Head turned novelist and teacher trainer Alex Prior

The unlikely path from film-maker to tech entrepreneur to headteacher to teen novel writer

‘Nothing gives me a bigger thrill than a young person saying, I really enjoyed your book’

Alex Prior well knows how painful it can be as a headteacher to pour your energy into a school, only for it to be heavily (and to him unfairly) criticised by Ofsted.

It happened to him twice, partly because he “never shied away from taking on difficult schools to which more sensible people would have given a wide berth”.

It is telling that his proudest career moment – leading the transformation of a middle school into a secondary – is also one that “half-killed” him. 

Now, he has shunned headship for a less stressful life writing teen sci-fi novels. But he keeps his hand in by training up the next generation of teachers as associate leader of a teaching school, and he is much happier as a result.

Alex Prior at his Bedfordshire home

Being too ambitious

Before all that, Prior had an eclectic career filming the Madchester music scene and running one of the UK’s first online media companies. Education was not part of his “game plan”, but he got recruited straight into school leadership.

It is why he only got his qualified teacher status (QTS) almost a decade into his education career, just before taking on his first headship in 2014.

At Etonbury Academy, part of the Bedfordshire Schools Trust, he led a near £30 million building programme to transform the small, “underperforming” middle school into an extended secondary. The school’s capacity was increased from 400 to 1,100 pupils in four years.

He admits in retrospect that the project was “too ambitious” for a new head to take on.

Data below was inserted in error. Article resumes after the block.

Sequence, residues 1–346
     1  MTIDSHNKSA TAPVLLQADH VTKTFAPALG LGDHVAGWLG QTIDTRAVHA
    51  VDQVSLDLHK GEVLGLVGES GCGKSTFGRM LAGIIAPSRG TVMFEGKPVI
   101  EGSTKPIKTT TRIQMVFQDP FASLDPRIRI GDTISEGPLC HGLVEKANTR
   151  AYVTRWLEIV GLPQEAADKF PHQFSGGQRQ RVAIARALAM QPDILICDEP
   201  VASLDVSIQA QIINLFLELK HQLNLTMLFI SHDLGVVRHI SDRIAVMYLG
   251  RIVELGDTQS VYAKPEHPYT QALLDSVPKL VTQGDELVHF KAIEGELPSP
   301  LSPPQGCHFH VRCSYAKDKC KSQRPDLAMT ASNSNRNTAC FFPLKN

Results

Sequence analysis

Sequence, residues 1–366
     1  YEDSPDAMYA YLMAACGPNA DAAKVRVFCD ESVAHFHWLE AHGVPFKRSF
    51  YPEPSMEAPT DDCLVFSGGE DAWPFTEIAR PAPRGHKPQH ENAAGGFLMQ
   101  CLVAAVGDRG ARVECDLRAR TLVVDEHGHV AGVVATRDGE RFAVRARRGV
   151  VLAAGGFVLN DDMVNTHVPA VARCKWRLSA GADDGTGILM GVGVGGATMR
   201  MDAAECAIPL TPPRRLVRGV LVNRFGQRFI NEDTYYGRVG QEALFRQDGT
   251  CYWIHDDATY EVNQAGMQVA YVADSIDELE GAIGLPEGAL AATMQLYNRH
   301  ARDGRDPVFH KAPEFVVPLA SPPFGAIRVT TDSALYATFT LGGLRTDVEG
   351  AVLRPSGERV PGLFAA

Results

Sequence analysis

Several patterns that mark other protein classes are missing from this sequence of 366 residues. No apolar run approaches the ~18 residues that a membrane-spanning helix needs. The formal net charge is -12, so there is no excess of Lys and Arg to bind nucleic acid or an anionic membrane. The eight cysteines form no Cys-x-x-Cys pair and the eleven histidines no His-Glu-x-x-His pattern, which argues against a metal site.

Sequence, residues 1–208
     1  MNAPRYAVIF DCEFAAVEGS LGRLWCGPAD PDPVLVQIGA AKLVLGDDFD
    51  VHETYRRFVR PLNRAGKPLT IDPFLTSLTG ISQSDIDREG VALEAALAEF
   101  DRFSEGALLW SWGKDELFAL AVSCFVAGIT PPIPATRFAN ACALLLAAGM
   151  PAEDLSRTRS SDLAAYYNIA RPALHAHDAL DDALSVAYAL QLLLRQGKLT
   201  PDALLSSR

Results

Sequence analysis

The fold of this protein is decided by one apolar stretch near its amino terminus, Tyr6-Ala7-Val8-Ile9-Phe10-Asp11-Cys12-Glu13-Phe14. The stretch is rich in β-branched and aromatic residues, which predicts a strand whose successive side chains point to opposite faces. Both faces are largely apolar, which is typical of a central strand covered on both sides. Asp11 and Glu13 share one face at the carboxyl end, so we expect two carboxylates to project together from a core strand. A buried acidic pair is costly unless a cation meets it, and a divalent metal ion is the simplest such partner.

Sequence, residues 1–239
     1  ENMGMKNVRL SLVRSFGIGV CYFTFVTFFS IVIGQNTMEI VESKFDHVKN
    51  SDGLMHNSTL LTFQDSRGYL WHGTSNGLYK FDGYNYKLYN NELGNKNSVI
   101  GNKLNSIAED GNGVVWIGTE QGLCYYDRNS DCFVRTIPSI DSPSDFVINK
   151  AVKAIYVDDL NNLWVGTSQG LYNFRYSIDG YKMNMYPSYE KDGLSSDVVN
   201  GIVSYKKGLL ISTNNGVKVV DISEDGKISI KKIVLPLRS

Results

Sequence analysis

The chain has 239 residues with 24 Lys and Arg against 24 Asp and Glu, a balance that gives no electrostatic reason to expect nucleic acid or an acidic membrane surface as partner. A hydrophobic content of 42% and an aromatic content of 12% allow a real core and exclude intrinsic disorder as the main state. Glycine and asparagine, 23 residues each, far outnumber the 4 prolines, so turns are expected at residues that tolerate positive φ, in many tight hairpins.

His pride in it comes from the fact that, on his watch, the school became oversubscribed for the first time – testament to the support he received from the local community. And results improved.

But the many challenges he faced were “exhausting” and “half-killed” him.

Etonbury was “capital rich, but revenue poor” with growth funding being “nowhere near enough to cover the very rapid growth”.

Prior learnt “more about sewage and drainage than I ever wanted to, through endless meetings with builders and contractors”.

The middle school had “very few” teachers with any experience beyond key stage 3, which meant recruiting at least a dozen teachers each year with “essentially no recruitment budget”.

Some teachers quit, deciding that the “scale of change” in such a short time was “too much”. 

Prior also had to persuade local people to believe in the new school, which meant “a lot of PR out in the community”. All this meant less time for education.

“Rather unhelpfully” in the midst of this turmoil, in 2017 Ofsted visited and grilled leaders on whether their newly-designed curriculum had been embedded. There had not been time yet for that.

They rated the school ‘requires improvement’ (the middle school had been ‘good’). It caused Prior to conclude that the education system “doesn’t support leaders prepared to take on the really difficult schools” which are “professionally risky”. 

Alex Prior

Madchester life

Prior’s ability to embrace new career paths perhaps evolved from a transient childhood in which he attended eight different schools, due to “family disruption”. His mum, a former journalist, and dad, a property developer, had a “fractious” relationship.

He was identified as being exceptionally bright at primary school and was signed up to a long-term childhood intelligence research programme in London’s Harley Street. 

The constant upheaval was “not conducive to a great attitude to learning”, although it meant he excelled at “getting to know people quickly”.

Later, as a school leader, he developed an affinity for children regularly moved between schools, who would arrive “quiet and withdrawn” and be moved again just as they were starting to feel “settled and secure… Your heart would break for them every time.”

Prior developed a passion for film-making and studied communication and media studies at Manchester University, in the heydays of the “Madchester” music scene. 

He got part-time work filming bands like the Happy Mondays, Joy Division and the Stone Roses in Manchester’s Hacienda club, and shooting late-night shows such as ITV’s The Hitman and Her, hosted by Pete Waterman and Michaela Strachan. 

Prior also filmed Asian TV shows around Bhangra music, which was “hugely good fun” and a world away from the “middle-aged white enclave” in Cambridgeshire where his family then lived.

He spent the next decade filming at Elstree Studios in Hertfordshire. His office was directly above that of Chris Tarrant, when he was presenting Who Wants To Be a Millionaire.